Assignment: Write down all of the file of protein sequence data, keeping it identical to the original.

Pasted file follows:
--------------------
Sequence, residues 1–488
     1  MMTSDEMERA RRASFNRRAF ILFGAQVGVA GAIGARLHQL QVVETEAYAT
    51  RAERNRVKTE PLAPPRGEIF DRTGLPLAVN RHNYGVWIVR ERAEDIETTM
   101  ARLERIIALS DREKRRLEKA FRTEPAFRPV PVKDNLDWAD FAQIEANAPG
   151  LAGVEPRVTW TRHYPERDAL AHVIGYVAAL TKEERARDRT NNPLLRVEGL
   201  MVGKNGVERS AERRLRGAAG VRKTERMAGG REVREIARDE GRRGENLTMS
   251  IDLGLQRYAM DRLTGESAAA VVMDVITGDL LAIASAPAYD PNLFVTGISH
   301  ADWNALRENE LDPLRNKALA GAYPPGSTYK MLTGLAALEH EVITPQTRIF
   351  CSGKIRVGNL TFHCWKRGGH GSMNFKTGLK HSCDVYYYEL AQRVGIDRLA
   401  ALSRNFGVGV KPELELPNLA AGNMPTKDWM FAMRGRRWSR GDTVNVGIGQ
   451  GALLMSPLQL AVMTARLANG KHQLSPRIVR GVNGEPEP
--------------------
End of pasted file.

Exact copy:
Sequence, residues 1–488
     1  MMTSDEMERA RRASFNRRAF ILFGAQVGVA GAIGARLHQL QVVETEAYAT
    51  RAERNRVKTE PLAPPRGEIF DRTGLPLAVN RHNYGVWIVR ERAEDIETTM
   101  ARLERIIALS DREKRRLEKA FRTEPAFRPV PVKDNLDWAD FAQIEANAPG
   151  LAGVEPRVTW TRHYPERDAL AHVIGYVAAL TKEERARDRT NNPLLRVEGL
   201  MVGKNGVERS AERRLRGAAG VRKTERMAGG REVREIARDE GRRGENLTMS
   251  IDLGLQRYAM DRLTGESAAA VVMDVITGDL LAIASAPAYD PNLFVTGISH
   301  ADWNALRENE LDPLRNKALA GAYPPGSTYK MLTGLAALEH EVITPQTRIF
   351  CSGKIRVGNL TFHCWKRGGH GSMNFKTGLK HSCDVYYYEL AQRVGIDRLA
   401  ALSRNFGVGV KPELELPNLA AGNMPTKDWM FAMRGRRWSR GDTVNVGIGQ
   451  GALLMSPLQL AVMTARLANG KHQLSPRIVR GVNGEPEP